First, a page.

Grace McNutt and Linnea Swinimer are the Minute Women, two Haligonians who host a podcast of the same name about Canadian history as seen through a lens of Heritage Minutes ( In a lively celebration of the show's second birthday, they stop by to reveal how curling brought them together in podcast — and now BFF — form, their favourite Minutes, that time they thought Jean Chretien was dead, and the impact their show has had. Plus music from brand-new ECMA winners Hillsburn and Zamani.


Episode 78: Rocky Horror Show

For a show (and cult film) out of the mid-1970s, The Rocky Horror Show was ahead of its time in its depiction of queerness and gender and—save a handful of instances—has aged surprisingly well enough to fit into this contemporary time. Neptune Theatre's production opens this week (running through June 26) and director Jeremy Webb and actors Allister MacDonald (Dr. Frank N Furter) and Breton Lalama (Riff Raff) squeeze in a chat between tech run-throughs to dig into how they've updated (and produced) the show with 2022 eyes—namely an intimacy director and active consent between characters—and whether they're prepared for the rare theatre audience that talks back. Plus a new song from Nicole Ariana.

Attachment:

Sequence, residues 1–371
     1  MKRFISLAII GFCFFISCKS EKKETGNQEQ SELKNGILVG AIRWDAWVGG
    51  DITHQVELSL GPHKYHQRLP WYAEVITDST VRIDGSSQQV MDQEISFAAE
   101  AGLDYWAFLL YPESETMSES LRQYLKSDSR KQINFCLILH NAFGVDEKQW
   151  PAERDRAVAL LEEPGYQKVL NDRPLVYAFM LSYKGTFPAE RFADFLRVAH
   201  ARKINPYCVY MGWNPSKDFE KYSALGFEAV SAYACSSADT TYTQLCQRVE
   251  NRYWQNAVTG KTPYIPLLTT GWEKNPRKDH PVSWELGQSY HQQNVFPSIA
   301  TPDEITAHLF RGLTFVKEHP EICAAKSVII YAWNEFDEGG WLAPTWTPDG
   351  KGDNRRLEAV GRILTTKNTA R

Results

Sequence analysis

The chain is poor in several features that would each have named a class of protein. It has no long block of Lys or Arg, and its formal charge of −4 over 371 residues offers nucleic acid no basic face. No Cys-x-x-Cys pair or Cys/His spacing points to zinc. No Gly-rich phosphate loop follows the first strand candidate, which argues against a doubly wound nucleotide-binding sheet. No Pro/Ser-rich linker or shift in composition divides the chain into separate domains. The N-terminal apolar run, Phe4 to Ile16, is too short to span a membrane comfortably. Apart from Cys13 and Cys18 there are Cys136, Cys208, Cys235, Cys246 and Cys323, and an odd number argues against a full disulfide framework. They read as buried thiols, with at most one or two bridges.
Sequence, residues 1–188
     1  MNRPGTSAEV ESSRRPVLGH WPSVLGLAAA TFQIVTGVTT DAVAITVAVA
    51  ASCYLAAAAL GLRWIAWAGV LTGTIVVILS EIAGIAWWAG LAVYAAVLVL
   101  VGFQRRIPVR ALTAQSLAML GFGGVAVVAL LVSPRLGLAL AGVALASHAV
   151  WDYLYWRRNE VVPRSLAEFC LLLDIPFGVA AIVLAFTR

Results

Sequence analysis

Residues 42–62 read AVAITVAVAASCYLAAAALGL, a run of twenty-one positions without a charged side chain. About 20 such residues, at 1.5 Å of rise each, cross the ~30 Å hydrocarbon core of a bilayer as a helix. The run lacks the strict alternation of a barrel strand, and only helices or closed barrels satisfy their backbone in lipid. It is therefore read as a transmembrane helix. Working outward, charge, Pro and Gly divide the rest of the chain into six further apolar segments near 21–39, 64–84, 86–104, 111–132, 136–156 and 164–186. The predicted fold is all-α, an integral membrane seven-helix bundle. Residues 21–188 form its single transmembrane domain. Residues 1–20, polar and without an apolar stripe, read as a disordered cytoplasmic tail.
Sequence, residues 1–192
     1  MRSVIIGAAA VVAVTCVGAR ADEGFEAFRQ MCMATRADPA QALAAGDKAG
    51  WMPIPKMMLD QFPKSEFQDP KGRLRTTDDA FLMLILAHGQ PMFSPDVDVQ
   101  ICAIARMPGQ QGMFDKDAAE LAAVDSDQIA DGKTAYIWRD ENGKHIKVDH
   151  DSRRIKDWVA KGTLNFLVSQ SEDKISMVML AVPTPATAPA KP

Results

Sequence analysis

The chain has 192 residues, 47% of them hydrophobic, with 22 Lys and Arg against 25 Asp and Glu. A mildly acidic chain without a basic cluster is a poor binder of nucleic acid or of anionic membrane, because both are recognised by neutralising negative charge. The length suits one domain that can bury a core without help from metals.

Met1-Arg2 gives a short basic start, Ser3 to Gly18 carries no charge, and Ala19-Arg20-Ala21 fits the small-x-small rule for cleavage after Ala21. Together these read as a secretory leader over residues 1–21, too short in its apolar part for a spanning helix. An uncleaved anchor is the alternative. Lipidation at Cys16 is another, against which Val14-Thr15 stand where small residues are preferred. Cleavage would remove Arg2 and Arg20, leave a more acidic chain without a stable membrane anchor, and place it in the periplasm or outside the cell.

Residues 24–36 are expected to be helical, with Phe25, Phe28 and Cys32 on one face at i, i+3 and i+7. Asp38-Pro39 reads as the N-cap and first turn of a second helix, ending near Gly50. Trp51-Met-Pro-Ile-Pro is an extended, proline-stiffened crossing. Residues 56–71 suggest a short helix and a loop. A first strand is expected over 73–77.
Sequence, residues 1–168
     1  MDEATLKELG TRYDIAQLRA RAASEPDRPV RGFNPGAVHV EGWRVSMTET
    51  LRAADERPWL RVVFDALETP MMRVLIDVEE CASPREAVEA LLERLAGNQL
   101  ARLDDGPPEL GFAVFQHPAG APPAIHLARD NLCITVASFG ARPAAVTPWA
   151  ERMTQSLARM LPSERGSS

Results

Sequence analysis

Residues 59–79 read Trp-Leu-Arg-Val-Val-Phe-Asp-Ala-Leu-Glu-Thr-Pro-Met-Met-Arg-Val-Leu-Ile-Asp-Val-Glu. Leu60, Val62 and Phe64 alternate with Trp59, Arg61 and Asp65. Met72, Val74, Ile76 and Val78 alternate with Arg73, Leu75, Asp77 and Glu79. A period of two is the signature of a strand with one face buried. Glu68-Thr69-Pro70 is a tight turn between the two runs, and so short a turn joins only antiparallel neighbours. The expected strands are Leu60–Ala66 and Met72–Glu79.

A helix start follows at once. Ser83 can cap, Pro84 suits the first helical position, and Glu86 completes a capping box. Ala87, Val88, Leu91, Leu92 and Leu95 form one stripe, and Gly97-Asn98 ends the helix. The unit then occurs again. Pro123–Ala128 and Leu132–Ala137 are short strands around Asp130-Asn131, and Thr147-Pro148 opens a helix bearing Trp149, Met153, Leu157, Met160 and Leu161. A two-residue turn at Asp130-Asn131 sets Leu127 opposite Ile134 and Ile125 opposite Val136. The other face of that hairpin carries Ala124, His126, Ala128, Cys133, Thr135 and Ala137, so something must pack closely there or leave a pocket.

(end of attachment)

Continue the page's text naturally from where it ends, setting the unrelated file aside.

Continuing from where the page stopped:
Episode 77: Elizabeth Murphy

In 1994, Elizabeth Murphy, Patrick Christopher Carter, and Jean Morpurgo staged a now-legendary, free production of Twelfth Night in Point Pleasant Park. On that summer weekend, Shakespeare By The Sea was born, anchoring every summer in Halifax with a slate of Shakespeare and a company-created family show. As its 28th season dawns, Murphy—the surviving co-founder who's been running the company with Jesse MacLean—has decided to step away from SBTS. Her retirement tour stops by the show this week for a deep dive into the company's history, challenges—hurricanes! fires! beetles!—its legacy in the theatre community, and her next act. Plus a new song from Rich Aucoin.